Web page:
Shell’s big oil spill off Nigeria yesterday reportedly occurred during the transfer of oil to a tanker in their Bonga offshore field. Oil is produced in the Bonga Field using an FPSO – basically, a modified oil tanker anchored in place. Oil collected from wells on the seafloor flows up through riser pipes connected to the FPSO. Shuttle tankers take crude oil out of the FPSO’s storage tanks and carry it to coastal refineries. Here’s a schematic diagram showing the Bonga Field layout:
In March 2011, federal regulators approved the first-time-ever use of FPSOs to develop an offshore field in the US Gulf of Mexico. Petrobras got the nod for their Cascade-Chinook development in water 8,200′ deep, 160 miles off the Louisiana coast. Their FPSO, a converted tanker called the BW Pioneer, holds 600,000 barrels of oil (25.2 million gallons). BOEMRE and Coast Guard divvied up oversight responsibility for this vessel / production facility with an MOU in 2009. This project got off to a very poor start when 8,500′ of riser pipe went crashing to the Gulf seafloor back in early April.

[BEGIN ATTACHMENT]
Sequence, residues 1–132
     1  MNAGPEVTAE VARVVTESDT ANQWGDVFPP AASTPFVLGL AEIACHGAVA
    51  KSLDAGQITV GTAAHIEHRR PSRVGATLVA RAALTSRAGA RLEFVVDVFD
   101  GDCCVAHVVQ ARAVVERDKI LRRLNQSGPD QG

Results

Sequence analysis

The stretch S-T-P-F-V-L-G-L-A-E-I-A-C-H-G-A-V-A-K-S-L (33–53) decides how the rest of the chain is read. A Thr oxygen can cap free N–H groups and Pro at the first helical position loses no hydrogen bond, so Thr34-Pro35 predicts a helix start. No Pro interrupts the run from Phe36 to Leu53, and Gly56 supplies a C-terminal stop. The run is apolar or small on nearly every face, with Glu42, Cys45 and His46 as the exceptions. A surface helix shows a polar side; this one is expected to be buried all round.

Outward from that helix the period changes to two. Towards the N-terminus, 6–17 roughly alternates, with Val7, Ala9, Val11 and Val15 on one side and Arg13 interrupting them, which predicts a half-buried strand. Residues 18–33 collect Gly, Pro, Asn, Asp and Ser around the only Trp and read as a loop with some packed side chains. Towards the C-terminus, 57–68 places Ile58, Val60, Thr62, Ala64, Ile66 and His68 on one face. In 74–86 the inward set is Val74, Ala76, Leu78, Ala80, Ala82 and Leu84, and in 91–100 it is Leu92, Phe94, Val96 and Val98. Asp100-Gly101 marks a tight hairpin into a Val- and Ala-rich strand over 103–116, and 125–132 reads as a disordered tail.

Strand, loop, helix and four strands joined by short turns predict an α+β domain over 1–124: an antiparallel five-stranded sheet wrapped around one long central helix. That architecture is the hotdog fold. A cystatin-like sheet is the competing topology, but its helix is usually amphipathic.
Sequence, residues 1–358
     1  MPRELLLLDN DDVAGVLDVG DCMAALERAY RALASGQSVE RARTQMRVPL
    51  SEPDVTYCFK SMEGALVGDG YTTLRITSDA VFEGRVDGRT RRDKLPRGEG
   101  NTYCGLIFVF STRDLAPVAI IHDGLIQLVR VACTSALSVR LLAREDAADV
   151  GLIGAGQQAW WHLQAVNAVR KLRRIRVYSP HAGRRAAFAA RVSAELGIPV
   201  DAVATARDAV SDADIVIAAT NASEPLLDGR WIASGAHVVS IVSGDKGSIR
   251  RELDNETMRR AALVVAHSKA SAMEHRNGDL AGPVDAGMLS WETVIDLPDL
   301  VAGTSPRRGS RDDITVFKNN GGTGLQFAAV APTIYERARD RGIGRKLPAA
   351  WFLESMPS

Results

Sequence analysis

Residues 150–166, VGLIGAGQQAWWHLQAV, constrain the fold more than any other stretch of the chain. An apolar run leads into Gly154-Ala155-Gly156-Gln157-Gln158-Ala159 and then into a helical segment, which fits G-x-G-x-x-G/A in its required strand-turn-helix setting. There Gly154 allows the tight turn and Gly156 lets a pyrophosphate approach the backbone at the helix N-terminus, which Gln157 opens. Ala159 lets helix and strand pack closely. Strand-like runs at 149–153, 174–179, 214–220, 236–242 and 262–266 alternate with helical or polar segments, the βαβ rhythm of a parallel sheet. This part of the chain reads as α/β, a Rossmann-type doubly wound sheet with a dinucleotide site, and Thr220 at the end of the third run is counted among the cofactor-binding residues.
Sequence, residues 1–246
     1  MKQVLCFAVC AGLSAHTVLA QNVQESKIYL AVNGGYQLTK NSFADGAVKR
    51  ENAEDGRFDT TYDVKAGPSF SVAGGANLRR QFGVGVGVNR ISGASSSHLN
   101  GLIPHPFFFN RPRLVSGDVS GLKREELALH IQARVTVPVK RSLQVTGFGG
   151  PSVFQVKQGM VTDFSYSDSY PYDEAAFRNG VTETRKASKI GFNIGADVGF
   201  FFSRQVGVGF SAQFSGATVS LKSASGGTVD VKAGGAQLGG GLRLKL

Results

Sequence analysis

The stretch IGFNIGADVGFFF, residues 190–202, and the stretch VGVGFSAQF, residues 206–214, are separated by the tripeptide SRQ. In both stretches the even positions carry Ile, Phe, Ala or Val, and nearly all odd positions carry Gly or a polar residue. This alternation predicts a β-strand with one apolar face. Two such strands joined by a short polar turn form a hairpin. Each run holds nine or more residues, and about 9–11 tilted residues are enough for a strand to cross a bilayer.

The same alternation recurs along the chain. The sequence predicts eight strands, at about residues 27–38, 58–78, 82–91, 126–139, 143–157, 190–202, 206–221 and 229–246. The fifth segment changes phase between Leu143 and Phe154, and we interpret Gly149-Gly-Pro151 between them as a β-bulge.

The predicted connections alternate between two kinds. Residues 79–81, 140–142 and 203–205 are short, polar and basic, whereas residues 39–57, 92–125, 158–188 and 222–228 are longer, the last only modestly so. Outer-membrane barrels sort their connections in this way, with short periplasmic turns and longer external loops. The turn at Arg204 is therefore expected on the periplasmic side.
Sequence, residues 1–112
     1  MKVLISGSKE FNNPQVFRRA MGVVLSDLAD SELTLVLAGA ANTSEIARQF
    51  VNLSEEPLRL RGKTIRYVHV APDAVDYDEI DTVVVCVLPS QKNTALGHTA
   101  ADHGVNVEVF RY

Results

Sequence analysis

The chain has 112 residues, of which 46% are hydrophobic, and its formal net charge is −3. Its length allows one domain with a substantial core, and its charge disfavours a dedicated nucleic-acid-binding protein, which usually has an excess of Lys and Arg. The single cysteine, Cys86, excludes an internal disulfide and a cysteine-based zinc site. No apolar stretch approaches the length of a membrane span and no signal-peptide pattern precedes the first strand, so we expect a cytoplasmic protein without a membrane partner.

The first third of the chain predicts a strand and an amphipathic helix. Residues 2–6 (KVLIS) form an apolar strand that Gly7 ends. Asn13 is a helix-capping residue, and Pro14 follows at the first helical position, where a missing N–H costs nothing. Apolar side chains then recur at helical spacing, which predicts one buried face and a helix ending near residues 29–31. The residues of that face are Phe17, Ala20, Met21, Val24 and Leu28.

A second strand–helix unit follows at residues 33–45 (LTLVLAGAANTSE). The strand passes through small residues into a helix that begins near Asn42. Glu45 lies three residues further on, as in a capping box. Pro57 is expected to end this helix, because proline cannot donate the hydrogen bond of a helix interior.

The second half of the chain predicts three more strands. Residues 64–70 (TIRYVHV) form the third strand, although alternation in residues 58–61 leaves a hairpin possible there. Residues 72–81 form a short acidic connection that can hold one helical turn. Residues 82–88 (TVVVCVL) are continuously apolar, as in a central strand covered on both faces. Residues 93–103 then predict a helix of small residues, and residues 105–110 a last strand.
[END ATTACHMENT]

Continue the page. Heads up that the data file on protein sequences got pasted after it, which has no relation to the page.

Our main concern is that FPSOs are potentially sources of massive oil spills: a serious blowout, fire or explosion, collision with another vessel, intentional attack, rogue wave or storm damage, or other incident could result in a near-instantaneous release of millions of gallons. And as we’ve said here before, despite the underwhelming oil cleanup results during last year’s BP / Deepwater Horizon spill, we’ve made no significant progress in our ability to handle big spills.